With the semi-conductor bill now passed, the Republicans lost their leverage, and Democrats decided to move ahead with their bill. Then, Senate Republicans chose a surprising target to bear the brunt of their anger over being hornswoggled: sick veterans.
The Senate recently passed a bill called the Honoring our Pact Act with overwhelming bipartisan support (84-14). The bill aimed to significantly expand health coverage for veterans sickened by toxic chemicals during their service. Most know the legislation as the “burn pits bill”. Veterans sickened by toxic burn pits near military bases abroad led the charge for its passage. The bill then went to the House for some minor tweaking, and returned to the Senate for a final vote that was considered all but assured.
However, 25 Republican Senators who previously voted to pass the bill suddenly decided to block the bill in a procedural vote. Sen. John Cornyn (R-TX) claims that Republicans wanted to revisit some of the mandatory spending contained in the bill.
Comedian and political commentator John Stewart called Cornyn’s justification “bullshit”. Stewart has been active in lobbying Congress and bringing public attention to veterans’ fight to pass the Honoring our Pact Act.
Call Hyde-Smith’s DC office: (202) 224-5054
Call Wicker’s DC office: (202) 224-6253
Possible deal to free WNBA star and Marine detained in Russia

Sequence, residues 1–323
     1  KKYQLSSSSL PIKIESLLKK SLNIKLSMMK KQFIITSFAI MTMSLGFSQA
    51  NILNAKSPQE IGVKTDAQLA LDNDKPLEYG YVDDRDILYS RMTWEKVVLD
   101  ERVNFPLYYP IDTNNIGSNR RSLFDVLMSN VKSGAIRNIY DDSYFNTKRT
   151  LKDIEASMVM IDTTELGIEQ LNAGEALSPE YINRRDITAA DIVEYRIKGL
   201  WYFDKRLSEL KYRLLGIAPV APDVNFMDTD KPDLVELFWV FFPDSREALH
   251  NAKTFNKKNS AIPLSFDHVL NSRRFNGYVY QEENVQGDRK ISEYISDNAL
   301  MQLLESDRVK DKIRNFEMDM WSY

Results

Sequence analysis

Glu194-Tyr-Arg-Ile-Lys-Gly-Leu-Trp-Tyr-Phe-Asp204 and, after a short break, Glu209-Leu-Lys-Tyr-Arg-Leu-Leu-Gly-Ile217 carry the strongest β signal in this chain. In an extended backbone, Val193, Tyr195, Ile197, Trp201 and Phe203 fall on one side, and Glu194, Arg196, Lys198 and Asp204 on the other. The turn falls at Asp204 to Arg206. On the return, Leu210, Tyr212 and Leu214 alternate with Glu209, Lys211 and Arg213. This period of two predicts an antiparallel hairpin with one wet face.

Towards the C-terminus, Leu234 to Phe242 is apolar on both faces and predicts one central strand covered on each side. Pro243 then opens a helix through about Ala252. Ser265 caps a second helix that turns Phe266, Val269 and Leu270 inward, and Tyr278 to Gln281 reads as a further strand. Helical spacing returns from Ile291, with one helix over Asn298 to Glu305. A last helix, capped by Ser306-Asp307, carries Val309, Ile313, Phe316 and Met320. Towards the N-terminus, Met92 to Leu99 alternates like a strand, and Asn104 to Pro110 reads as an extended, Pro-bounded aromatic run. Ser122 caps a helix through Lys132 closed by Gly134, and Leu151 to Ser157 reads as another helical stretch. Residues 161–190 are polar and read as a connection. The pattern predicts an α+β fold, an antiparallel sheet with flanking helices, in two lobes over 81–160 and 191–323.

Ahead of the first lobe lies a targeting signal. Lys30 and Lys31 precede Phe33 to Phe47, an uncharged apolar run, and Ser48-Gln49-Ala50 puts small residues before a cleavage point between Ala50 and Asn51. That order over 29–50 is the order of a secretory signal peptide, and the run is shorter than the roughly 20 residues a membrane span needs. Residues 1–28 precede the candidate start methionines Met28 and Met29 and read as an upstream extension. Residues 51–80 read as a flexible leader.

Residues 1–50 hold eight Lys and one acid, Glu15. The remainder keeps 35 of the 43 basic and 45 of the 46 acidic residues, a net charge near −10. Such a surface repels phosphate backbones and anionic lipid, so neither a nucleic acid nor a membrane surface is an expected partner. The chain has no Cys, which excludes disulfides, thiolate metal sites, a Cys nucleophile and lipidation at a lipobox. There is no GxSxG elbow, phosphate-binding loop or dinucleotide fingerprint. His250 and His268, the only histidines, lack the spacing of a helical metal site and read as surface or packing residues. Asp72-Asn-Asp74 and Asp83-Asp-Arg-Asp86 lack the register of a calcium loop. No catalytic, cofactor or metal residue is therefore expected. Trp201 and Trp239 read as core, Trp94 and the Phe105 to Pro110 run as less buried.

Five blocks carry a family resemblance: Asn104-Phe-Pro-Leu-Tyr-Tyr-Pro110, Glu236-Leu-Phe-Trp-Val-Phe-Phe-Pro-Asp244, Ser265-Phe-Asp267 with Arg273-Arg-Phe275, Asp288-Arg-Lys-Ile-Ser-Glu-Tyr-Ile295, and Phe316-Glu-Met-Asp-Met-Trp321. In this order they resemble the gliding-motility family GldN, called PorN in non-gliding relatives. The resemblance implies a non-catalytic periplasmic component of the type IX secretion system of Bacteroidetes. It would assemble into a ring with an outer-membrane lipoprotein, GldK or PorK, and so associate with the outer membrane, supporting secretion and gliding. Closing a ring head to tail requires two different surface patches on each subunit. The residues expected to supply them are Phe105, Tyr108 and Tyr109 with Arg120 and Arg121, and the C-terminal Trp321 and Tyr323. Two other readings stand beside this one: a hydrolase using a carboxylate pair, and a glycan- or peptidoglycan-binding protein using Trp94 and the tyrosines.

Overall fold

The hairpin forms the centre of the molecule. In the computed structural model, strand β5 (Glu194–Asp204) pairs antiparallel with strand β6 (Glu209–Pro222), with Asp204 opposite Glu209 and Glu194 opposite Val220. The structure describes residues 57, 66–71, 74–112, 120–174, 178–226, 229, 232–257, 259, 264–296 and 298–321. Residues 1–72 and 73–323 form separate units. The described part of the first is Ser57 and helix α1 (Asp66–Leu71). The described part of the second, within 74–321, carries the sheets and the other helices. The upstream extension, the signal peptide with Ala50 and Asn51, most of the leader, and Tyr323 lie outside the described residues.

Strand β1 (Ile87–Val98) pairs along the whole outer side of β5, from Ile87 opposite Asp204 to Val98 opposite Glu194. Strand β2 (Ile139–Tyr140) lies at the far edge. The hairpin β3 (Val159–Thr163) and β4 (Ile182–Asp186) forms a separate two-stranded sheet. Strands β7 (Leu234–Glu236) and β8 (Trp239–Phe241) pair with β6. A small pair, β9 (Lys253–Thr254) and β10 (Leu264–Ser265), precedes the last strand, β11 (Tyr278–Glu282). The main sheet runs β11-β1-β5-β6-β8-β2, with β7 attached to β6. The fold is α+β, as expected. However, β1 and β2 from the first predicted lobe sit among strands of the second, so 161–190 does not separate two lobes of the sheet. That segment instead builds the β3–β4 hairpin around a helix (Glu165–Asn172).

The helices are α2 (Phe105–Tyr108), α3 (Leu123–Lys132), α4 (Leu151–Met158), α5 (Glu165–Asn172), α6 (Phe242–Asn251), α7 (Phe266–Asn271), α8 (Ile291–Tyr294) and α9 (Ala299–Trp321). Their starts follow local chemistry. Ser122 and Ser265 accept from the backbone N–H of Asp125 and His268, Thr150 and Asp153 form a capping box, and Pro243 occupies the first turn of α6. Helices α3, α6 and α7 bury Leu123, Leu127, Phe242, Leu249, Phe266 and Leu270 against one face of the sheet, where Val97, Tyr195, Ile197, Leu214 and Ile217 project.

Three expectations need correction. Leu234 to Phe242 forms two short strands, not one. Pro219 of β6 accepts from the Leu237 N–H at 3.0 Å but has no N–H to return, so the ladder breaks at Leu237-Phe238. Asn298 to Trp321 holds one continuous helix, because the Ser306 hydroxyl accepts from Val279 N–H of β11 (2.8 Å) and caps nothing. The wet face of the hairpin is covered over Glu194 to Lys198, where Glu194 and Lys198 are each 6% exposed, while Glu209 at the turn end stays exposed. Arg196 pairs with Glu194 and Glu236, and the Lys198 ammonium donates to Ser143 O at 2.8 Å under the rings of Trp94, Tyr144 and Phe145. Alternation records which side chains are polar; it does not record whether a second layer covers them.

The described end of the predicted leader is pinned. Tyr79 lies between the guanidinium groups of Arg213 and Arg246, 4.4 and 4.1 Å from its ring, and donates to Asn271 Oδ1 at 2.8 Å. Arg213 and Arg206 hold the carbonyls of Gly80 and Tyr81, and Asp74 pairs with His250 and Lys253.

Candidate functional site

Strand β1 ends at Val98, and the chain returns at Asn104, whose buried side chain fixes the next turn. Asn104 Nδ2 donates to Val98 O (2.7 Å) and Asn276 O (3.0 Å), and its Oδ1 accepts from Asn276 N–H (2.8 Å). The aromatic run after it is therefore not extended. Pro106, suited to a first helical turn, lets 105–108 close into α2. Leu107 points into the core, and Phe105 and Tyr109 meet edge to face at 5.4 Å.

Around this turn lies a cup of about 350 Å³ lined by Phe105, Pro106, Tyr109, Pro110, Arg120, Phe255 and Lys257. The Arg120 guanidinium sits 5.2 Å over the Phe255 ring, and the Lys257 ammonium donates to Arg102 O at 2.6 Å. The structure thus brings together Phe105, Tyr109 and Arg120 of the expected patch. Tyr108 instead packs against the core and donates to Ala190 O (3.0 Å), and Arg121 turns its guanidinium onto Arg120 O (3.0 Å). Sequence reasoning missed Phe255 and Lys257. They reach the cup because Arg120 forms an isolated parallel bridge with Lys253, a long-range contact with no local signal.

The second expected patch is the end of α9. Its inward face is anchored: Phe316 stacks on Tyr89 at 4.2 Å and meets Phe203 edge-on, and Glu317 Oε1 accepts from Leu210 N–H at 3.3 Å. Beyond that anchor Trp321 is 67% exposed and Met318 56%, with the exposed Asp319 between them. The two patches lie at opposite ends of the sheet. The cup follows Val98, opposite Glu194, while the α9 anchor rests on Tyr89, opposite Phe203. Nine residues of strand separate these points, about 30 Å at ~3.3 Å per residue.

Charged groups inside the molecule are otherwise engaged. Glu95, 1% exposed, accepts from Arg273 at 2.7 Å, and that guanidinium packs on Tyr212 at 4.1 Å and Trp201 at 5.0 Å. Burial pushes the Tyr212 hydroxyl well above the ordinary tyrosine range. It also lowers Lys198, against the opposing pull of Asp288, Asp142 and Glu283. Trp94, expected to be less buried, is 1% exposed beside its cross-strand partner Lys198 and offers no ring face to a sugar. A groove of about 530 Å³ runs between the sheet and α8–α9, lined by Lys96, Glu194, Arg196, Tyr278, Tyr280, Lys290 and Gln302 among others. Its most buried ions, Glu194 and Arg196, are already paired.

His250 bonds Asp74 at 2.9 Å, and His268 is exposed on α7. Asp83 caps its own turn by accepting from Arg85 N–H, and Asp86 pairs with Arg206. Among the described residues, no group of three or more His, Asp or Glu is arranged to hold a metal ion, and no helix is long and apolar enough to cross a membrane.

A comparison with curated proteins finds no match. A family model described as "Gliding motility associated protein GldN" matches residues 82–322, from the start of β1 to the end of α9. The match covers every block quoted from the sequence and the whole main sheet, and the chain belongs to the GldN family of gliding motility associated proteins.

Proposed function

US Sec. of State Antony Blinken says he will soon be speaking with his Russian counterpart, Foreign Minister Sergei Lavrov about a possible deal to free WNBA star Britney Griner and former US Marine Paul Whelan. This will be the first time Blinken and Lavrov have spoken directly since Russia’s invasion of Ukraine. The State Department considers both Griner and Whelan to be “wrongly detained” in Russia.
A deal to free the two Americans has been on the table for weeks, but this is the first sign of movement. Blinken neither confirmed nor denied reports that the deal involves a prisoner swap in exchange for Griner and Whelan’s freedom. The Kremlin has long been lobbying for the release of Viktor Bout, an arms dealer whose shadowy work has earned him the title “The Merchant of Death”. US authorities arrested Bout in 2008 over a conspiracy to sell weapons to Colombian rebels to kill Americans. He’s currently serving a 25-year prison sentence.
Who are Griner and Whelan?
Griner is a US Olympian and WNBA star who plays in Russia’s professional women’s basketball league during the WNBA off-season. Russian authorities detained Griner at an airport earlier this year for possession of vape cartridges containing hashish oil. Griner has pleaded guilty to possession of marijuana-derived substances. She testified in a Russian court recently that she uses the substances for pain management from her sports injuries.
Whelan is a former US Marine who was convicted of espionage charges in a secret trial in Russia. He’s been detained in Russia for more than three years. Previous US-Russia prisoner swap deals, including one that released fellow Marine Trevor Reed, have left Whelan out. Whelan’s family says they now have “a little bit of hope” following today’s announcement.